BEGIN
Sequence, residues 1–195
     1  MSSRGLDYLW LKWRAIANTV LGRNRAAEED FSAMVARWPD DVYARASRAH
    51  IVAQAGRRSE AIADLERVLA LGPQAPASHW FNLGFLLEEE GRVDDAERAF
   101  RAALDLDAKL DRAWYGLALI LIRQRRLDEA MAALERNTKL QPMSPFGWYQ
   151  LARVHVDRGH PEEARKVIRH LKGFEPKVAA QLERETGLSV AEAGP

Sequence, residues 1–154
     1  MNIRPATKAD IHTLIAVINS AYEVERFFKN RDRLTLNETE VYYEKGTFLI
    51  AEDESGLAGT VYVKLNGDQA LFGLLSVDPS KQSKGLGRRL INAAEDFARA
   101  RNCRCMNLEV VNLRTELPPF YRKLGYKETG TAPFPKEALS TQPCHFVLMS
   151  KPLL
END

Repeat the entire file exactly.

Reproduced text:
Sequence, residues 1–195
     1  MSSRGLDYLW LKWRAIANTV LGRNRAAEED FSAMVARWPD DVYARASRAH
    51  IVAQAGRRSE AIADLERVLA LGPQAPASHW FNLGFLLEEE GRVDDAERAF
   101  RAALDLDAKL DRAWYGLALI LIRQRRLDEA MAALERNTKL QPMSPFGWYQ
   151  LARVHVDRGH PEEARKVIRH LKGFEPKVAA QLERETGLSV AEAGP

Sequence, residues 1–154
     1  MNIRPATKAD IHTLIAVINS AYEVERFFKN RDRLTLNETE VYYEKGTFLI
    51  AEDESGLAGT VYVKLNGDQA LFGLLSVDPS KQSKGLGRRL INAAEDFARA
   101  RNCRCMNLEV VNLRTELPPF YRKLGYKETG TAPFPKEALS TQPCHFVLMS
   151  KPLL